This program includes Market-to-Kitchen Thursdays – in partnership with Bronzeville Growers Market, supported by the Maroon Arts Group and operated by GGC site manager Julialynne Walker – and weekly visits to the James Mobile Education Kitchen in Hildreth, led by Jim Warner from the nutrition department of the Wexner Medical Center.

And recently the group received funding for a tall tunnel tire house in the Mamie Mack garden, which extends the growing season for the garden and, among other things, helps supply products for the Bronzeville market.

Funding GGC also lowers the barrier to growth by providing the community with “starters” to improve food access and affordability.

An impressive list of leaders and volunteers help cultivate this work, including Autumn Glover, President of PACT; Julialynne Walker, director of the Bronzeville Growers Market & Agricademy; Tim McDermott, Ag and natural resource instructor at OSU Extension Franklin County; Jim Warner, program director of nutritional services at Ohio State University Medical Center; Victor Williams, President of the Douglas Foundation; Cassaundra Patterson, general manager for PACT; as well as community members Marjorie Jean-Baptiste, Williams and Jera Oliver.

Oliver is from the state of Ohio and has seen what community engagement can be like at times: an expert comes and prescribes solutions based on a study or research that can work, but there is another way that a community leads to collaborative solutions is empowered. without assuming knowing the answer.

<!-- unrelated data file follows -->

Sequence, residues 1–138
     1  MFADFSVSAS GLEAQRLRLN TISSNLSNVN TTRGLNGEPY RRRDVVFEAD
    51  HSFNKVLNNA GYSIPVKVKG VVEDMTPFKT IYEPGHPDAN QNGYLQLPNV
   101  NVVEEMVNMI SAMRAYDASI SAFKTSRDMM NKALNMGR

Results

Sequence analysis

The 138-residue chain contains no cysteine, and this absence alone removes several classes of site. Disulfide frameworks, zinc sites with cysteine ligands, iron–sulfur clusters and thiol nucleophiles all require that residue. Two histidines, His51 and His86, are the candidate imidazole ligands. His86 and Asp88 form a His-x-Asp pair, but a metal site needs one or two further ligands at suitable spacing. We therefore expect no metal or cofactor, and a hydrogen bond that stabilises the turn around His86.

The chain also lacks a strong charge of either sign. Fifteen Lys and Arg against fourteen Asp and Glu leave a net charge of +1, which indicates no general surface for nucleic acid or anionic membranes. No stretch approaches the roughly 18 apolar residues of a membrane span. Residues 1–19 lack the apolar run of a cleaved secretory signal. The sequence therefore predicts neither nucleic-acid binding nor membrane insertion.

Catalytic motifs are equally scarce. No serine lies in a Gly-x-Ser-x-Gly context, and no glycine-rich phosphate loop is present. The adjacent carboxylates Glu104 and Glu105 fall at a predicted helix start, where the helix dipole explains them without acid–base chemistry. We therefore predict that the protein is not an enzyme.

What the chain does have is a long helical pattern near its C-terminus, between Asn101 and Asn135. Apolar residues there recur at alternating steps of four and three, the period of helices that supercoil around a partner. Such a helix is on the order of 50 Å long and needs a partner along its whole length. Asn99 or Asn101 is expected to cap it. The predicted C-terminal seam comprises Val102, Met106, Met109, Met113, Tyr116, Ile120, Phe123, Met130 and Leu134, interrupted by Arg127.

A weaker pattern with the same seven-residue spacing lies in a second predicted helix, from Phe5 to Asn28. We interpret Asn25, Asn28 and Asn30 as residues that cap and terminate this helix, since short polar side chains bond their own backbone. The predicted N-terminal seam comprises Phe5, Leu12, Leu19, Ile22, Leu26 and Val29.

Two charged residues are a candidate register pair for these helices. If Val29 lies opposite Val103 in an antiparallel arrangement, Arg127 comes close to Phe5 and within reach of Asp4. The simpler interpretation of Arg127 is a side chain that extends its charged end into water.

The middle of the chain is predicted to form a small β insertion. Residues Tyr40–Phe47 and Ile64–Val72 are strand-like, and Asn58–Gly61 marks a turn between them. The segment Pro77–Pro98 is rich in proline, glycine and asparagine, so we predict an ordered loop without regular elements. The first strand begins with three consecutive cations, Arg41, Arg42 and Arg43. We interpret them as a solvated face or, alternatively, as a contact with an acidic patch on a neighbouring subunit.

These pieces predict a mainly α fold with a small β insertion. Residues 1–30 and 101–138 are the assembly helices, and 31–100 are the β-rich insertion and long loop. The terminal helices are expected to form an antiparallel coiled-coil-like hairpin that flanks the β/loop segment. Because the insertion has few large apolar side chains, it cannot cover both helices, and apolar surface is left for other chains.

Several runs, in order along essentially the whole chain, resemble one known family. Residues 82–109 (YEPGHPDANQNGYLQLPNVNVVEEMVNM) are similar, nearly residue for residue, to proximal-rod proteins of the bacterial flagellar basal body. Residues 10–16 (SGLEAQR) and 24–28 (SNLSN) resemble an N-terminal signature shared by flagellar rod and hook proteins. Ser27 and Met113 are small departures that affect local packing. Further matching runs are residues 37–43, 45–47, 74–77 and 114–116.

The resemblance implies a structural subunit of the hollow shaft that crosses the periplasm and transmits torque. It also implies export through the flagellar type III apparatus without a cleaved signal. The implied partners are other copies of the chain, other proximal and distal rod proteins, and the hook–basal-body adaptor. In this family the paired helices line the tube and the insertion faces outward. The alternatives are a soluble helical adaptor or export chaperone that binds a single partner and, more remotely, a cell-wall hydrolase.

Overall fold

“We emphasize that we will not give an answer,” said Oliver. “We come in for conversation and activity so people can find their own answers.”

The group hosts community talks and quarterly book chats on Black and BIPOC farmers and agriculture, as well as historical issues that directly impacted black growers.

“What I’ve seen is that when we have these conversations, a lot of people are amazed at the impact agriculture has had on our history and how it still shows today,” said Williams.

The group has had discussions on 1619 – the podcast component of the New York Times’ 1619 project – mostly about black farmers. In particular, the 1999 Pigford v Glickman class action lawsuit was a revelation to contestants, Williams said.